Nour Ali’s name is known in households across Manitoba because of his passion for helping people and for making the world a better place. On June 13, Ali died in a boating accident on Lake Winnipeg. He was 42.
Ali and four others were in a boat on the lake when it took on water and capsized near Bélair, Man. RCMP have said that weather likely played a factor, causing dangerous conditions from high winds and waves. Three survived, but Ali’s 73-year-old father, Hamza Ali, was killed in the accident, and Ali went missing. His body was found after five days of searching by dozens of family, friends, police officers and other searchers.
Ali made a huge impact throughout the province in the seven years since he arrived in Winnipeg. He and his wife, Maysoun Darweesh, and their two daughters, Rooj and Naya, came to Canada in 2012 as refugees, when they were sponsored by Douglas Mennonite Church through Mennonite Central Committee (MCC).
In 2006, Ali fled Syria after being taken a political prisoner for his political and human-rights work. He went to China, where his family joined him a year later. When they were unable to return to Syria, they moved to Macau. There they met George and Tobia Veith, who were Mennonite Church Canada Witness workers in Macau, and through them became connected with Douglas Mennonite.
Although Ali identified as agnostic and didn’t become a formal member of the church, like Darweesh, he had many friends in the congregation, says Don Rempel Boschman, Douglas Mennonite’s senior pastor.
The whole family became Canadian citizens in 2018, and Ali was very proud to be one.
Rempel Boschman says, “For him, being Canadian meant that a lot of cultures and a lot of faiths were welcome here, and he worked really hard at making connections.” This was clear at the graveside service for Ali and his father, which included Islamic prayers, Christian prayers, and a smudge and prayer song by an Indigenous elder.
Ali treated the chance to come to Canada as a gift and he dedicated his life to making sure as many other people as possible could experience this gift too.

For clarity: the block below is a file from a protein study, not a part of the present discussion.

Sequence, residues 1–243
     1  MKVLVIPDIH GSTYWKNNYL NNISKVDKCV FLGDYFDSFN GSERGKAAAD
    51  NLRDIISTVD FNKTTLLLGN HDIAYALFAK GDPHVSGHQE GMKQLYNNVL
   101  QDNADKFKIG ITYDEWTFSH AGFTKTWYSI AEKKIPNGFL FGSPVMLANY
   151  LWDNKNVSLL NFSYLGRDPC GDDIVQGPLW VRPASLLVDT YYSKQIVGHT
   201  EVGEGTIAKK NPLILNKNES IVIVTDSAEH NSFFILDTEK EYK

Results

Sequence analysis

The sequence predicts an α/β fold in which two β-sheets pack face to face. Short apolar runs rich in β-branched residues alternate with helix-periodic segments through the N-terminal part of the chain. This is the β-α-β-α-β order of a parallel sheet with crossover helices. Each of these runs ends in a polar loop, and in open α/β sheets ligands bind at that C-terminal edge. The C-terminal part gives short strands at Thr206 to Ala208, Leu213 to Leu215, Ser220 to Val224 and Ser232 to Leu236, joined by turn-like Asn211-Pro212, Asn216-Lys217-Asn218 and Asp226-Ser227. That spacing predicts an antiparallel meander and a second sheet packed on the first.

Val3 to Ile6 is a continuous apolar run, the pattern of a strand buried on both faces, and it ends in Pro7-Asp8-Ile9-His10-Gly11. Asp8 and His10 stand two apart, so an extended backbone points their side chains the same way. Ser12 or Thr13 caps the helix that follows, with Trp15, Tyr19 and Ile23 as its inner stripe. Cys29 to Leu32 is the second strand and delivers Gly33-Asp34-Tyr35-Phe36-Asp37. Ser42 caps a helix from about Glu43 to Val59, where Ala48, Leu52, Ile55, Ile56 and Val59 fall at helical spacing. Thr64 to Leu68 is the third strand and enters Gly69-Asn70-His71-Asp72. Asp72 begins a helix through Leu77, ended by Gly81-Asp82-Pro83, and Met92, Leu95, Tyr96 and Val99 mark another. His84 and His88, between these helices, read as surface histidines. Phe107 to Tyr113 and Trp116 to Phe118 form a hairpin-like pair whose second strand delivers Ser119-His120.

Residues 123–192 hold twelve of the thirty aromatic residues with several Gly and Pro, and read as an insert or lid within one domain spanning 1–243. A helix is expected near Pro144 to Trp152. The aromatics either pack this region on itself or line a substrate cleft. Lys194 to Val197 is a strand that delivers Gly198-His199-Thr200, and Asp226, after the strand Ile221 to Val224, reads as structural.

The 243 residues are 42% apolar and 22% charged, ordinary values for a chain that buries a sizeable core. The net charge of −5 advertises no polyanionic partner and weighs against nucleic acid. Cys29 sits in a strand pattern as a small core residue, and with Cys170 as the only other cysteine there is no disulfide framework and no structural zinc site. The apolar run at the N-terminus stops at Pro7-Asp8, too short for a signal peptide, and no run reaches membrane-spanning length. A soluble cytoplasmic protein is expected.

He created the Kurdish Initiative For Refugees Inc. (KIFR) and, through it, he and Darweesh started a summer day camp for newcomer children in 2016. Hosted at Douglas Mennonite, the program also created opportunities for Syrian young adults to develop leadership skills as they led the camp.
KIFR has sponsored hundreds of refugees over the years, often through a partnership with MCC.
“He’ll be missed as a champion for newcomer opportunity, for refugee sponsorship,” says Darryl Loewen, executive director of MCC Manitoba.
Loewen says that a quick scan through well-wishes on social media reveals that Ali’s network of connections reaches wide. “You just know from Boissevain to Steinbach and beyond . . . wherever sponsor community groups who have been active through MCC, wherever they are, they know Nour.”
Ali was full of life and energy. He met with politicians about refugee and minority rights, arranged rallies and spoke in schools. He did translating, took people to the hospital and helped arrange weddings.
“Nour, he was in the driver’s seat,” says Hadji Hesso, a clo se friend of Ali and the director of the Yazidi Association of Manitoba. “He drove the community, the Kurdish community and the Syrian community. And definitely he was an ally and he was a good friend of the Yazidi community. Ali led by example.”
He adds, “One of the families that did not have a place [to live], he went out there, he made sure he doesn’t come back home unless he finds a house for this family.”
By 2017, Ali had started his own business called Thank You Canada, which did restoration and renovation work. His goal was to hire refugees and newcomers, to help them build their skills and to adjust to working in Canada.
“Nour was the kind of person who could always dream big, and he accomplished a lot,” Rempel Boschman says. “What I said in my sermon [at the funeral] was, in some ways for the Syrian community he was like a Moses. He was providing leadership when they had gotten out of a very difficult situation, but, like Moses, he wasn’t a perfect man . . . .”
Despite his mistakes and flaws, Ali will be remembered as a tireless advocate for refugees and a strong presence in many communities.
“We are so incredibly proud of you, and you have changed so many lives and impacted so many people that your work won’t go away,” said Ali’s daughter Rooj at his funeral. “Because you have left a legacy behind and you’ve changed people’s lives . . . everyone will be eternally grateful for it.”
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